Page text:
In terms of its subjects, this album includes references to the misplaced optimism of Brexit and the false promises its support has been bringing along. It also talks openly about the absurd pressures of the ‘P.C. culture’ where everything has become potentially offensive to everyone, everywhere, to the point of madness. By talking about one’s struggles with oneself, this album also deals with the subject of an identity crisis which is something of a ‘must have’ these days in order to be considered relevant and ‘well informed’. Even though, I almost belong to a different generation from some members of New Model Army, I could not relate more with the frustration expressed about these subjects through these lyrics. The beginning of this album, where for the first four songs, the music is kept at the background, bringing forward the vocals, enhances the effect of the lyrics and reveal their tone; a tone of ‘fighting back’, a tone that places someone at the front seat of his/her own destiny and life, a tone that is all about not conforming to ‘trends’ whether these concern the collective psychology or the collective view about certain things…

As far as the sound of this album is concerned, I was fascinated by the discreet yet noticeable appearance of the cello at the end of ‘The Weather(courtesy of Tobias Unterberg) and throughout ‘Maps, the depth that the backing vocals add to ‘The Weather’, the distorted notes at the beginning of ‘Never Arriving and the way the melody takes over at the second half of this song creating the feeling that the song has started again under a different guise, the melodies halfway through ‘End of Days and how they give way to noisy, heavy drums and rhythms, the ‘No Rest’ feel of ‘Where I Am, the unexpectedly eerie beginning and ending of ‘Great Disguise, the ‘moaning’ sounds of the guitars throughout this song, the bluegrass feel of ‘Hard Way, the waltzing rhythm of ‘Maps’ and how it relates with the song’s lyrics, the disquieting melodies of ‘Setting Sun and how peculiarly calming they manage to become…

Jamie Lockhart and Lee Smith are behind the production of this album as they did in ‘Winter’, and this only means that the ‘warm’ sound with its great volume and depth that we enjoyed in ‘Winter’, characterizes ‘From Here’ as well. The sound now, however, has different characteristics as it is more raw in terms of its emotional weight and in terms of its sonic heaviness, compared to ‘Winter’. It is a less melodic album, where melody is playing an attractive ‘hide and seek’ game and manages to animate the songs in a less evident but fascinating way. This, also bodes well stylistically, with all the metaphors that are being used in the lyrics. These metaphors on the other hand, are the best way to talk about ‘sensitive’, subjects, that the culture of ‘fear’ and ‘offensiveness’ that has spread around this part of the world recently, has cultivated…There was poetry in ‘Winter’ but between then and now, things have become harsher in this island, so New Model Army HAD to respond with a harsher sound. If we had to find an analogy between ‘From Here’ and the band’s past releases, then ‘The Ghost of Cain’ and ‘Thunder and Consolation’ can be considered to be its predecessors.

Until they become conscious they will never rebel, and until after they have rebelled they cannot become conscious…”  (George Orwell, 1984)

All this of course matters until the album reaches its zenith, in my opinion with ‘Watch And Learn‘, a song that almost made me want to open the windows, increase the sound level to the maximum and turn the speakers so that everyone in my neighbourhood would listen! It almost made me want to do this every day…until I didn’t. What a song! It is definitely one of the best songs of this year so far, employing metaphor, in order to speak about uninformed, almost empirical mimesis: in behaviour, even in the mindset, which is fostered by a ‘hunger’ to be always ‘trendy’, always ‘driving’ and creating  ‘things’ even if they go the wrong way…Each verse, each word, each note, is an attack on the way individual thinking, individual development is being suppressed in one way or another through more sophisticated mechanisms, than before…but the song finds a silver lining, in the children of today, the new generation, their ability to observe and their potential to question and overturn everything. Thank you dear NMA for writing this song, I hope that everyone understands its meaning to the fullest…especially that of the cynical laugh at the end of the song.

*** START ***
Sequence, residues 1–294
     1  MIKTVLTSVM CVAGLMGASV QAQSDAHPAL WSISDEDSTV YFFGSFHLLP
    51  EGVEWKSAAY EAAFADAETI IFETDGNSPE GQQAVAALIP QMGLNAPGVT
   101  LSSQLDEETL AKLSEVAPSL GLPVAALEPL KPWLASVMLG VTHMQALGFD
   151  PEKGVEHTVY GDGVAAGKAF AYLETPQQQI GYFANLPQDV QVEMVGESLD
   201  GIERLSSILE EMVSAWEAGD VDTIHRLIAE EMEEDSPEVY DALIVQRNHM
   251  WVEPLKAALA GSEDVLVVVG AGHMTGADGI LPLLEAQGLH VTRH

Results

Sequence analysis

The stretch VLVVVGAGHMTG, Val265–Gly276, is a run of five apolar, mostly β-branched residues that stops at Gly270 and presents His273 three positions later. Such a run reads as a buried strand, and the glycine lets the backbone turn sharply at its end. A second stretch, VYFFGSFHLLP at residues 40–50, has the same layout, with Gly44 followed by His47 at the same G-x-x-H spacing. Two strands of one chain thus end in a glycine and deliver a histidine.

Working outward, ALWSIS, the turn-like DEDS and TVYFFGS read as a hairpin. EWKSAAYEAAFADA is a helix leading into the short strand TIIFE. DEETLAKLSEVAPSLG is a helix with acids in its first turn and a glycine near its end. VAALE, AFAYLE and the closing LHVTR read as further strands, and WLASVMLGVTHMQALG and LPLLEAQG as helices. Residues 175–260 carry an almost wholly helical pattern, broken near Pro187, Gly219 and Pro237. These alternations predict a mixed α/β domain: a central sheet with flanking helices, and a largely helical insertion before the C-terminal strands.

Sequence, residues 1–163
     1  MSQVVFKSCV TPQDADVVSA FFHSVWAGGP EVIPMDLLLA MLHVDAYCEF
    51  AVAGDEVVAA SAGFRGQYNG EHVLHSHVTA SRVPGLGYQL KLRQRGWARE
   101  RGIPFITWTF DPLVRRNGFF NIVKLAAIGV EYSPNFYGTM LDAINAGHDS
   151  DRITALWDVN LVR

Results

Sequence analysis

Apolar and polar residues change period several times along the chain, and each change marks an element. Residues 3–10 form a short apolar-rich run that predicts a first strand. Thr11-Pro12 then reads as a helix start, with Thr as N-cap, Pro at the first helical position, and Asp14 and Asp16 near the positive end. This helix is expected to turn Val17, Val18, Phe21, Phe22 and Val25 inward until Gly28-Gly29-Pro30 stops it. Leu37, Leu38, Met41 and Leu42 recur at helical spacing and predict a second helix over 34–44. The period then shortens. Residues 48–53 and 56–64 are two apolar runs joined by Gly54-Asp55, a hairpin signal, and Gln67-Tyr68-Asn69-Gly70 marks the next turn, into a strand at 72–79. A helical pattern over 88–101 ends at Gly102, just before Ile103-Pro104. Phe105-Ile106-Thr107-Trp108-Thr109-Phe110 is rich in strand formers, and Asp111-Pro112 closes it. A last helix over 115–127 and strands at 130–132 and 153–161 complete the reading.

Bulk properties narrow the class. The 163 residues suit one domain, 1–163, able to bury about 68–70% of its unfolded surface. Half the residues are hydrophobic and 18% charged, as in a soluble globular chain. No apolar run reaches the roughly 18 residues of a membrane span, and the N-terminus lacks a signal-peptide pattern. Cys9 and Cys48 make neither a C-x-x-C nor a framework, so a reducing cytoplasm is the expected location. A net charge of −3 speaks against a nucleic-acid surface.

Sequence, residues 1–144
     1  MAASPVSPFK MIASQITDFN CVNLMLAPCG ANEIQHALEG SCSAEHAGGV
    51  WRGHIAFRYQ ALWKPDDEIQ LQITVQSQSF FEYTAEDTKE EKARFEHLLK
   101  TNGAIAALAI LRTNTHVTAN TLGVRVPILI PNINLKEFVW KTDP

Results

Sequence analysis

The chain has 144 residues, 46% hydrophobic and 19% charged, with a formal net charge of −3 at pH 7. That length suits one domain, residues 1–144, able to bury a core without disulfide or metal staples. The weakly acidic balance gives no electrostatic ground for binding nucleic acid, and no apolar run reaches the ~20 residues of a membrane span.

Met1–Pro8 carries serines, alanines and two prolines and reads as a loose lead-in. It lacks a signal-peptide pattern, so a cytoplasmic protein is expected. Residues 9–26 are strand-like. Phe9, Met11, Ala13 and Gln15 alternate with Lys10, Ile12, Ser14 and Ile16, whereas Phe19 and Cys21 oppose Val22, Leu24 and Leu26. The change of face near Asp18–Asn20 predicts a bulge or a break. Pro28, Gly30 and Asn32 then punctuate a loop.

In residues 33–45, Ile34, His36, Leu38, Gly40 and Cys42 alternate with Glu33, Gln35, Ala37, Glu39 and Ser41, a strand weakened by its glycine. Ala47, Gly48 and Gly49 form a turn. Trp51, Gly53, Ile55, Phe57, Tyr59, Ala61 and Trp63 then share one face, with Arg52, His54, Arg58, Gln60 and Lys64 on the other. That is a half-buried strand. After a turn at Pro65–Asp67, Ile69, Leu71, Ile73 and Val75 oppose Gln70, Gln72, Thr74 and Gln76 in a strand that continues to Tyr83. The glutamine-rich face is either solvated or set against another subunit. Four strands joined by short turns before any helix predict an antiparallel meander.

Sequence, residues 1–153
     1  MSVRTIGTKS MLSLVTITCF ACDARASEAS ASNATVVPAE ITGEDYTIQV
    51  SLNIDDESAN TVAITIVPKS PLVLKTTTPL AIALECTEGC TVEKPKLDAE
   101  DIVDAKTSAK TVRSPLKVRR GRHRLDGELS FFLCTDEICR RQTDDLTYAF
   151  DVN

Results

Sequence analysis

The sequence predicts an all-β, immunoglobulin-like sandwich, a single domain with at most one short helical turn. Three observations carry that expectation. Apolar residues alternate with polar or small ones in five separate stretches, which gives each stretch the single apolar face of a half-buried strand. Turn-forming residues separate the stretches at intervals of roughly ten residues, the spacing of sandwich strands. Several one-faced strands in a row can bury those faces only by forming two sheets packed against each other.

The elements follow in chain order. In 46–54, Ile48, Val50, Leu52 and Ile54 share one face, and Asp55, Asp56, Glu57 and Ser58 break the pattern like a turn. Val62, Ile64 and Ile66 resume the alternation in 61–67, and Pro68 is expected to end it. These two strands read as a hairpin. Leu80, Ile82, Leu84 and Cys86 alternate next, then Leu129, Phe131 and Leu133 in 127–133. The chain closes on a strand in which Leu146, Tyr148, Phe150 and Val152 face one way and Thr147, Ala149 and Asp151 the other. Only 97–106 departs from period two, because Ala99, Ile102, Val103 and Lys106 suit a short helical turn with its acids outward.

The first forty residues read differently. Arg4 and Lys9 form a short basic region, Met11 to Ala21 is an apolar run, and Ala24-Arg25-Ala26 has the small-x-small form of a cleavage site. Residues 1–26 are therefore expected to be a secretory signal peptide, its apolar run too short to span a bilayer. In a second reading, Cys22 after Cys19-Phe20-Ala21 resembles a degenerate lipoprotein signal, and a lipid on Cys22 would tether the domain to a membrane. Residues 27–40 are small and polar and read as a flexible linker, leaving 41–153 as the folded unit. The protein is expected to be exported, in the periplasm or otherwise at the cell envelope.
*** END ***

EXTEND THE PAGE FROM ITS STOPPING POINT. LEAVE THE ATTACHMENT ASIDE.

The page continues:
“Monkey thinks, so monkey thinks he knows
So monkey reaps what monkey sows
They took your hand and let it go…
(lyrics: ‘Watch And Learn’)

The album ends gloriously with the title song ‘From Here‘, a song-ode to the delusional elements  of misplaced self-identification and identity crisis, two conditions that have become so disproportionately popular,  that seem to want to cover every aspect of our lives these days. This song, deals with all the evils brought about by false criteria, false idols and false ideas which have formed our perception of things, the way we see ourselves and the way we place ourselves around them. If ‘Watch And Learn‘ will ever make you want to broadcast this song as far as possible, then ‘From Here‘ must, certainly, work as a wake-up call for your own mind, whether you have fallen in the ‘trap’ of the ‘victim-culture’ and the ‘identity crisis’ or just watched ‘from afar’ others getting in the trap of trying to change even the positive things we have in our everyday lives.

We have enjoyed listening to this album as much as we have enjoyed watching it take its place, next to all the other sonic chapters that New Model Army have written throughout the years and we cannot wait to loudly sing with them our favourite songs. The London date of the band’s Autumn tour is November 14th at The Electric Ballroom and whether the band will include the song ‘From Here‘ in their setlist or not, we will be singing its lyrics all the way to their gig and all the way back from it…
Trouble always begins, With the naming of things, Like gods and desires, And lines in the sand… So let’s all go home now, Look ourselves in the mirror, Throw our heads back and laugh… (Lyrics: ‘From Here‘)

This album also opens our monthly playlist for August 2019 and you can listen to it here.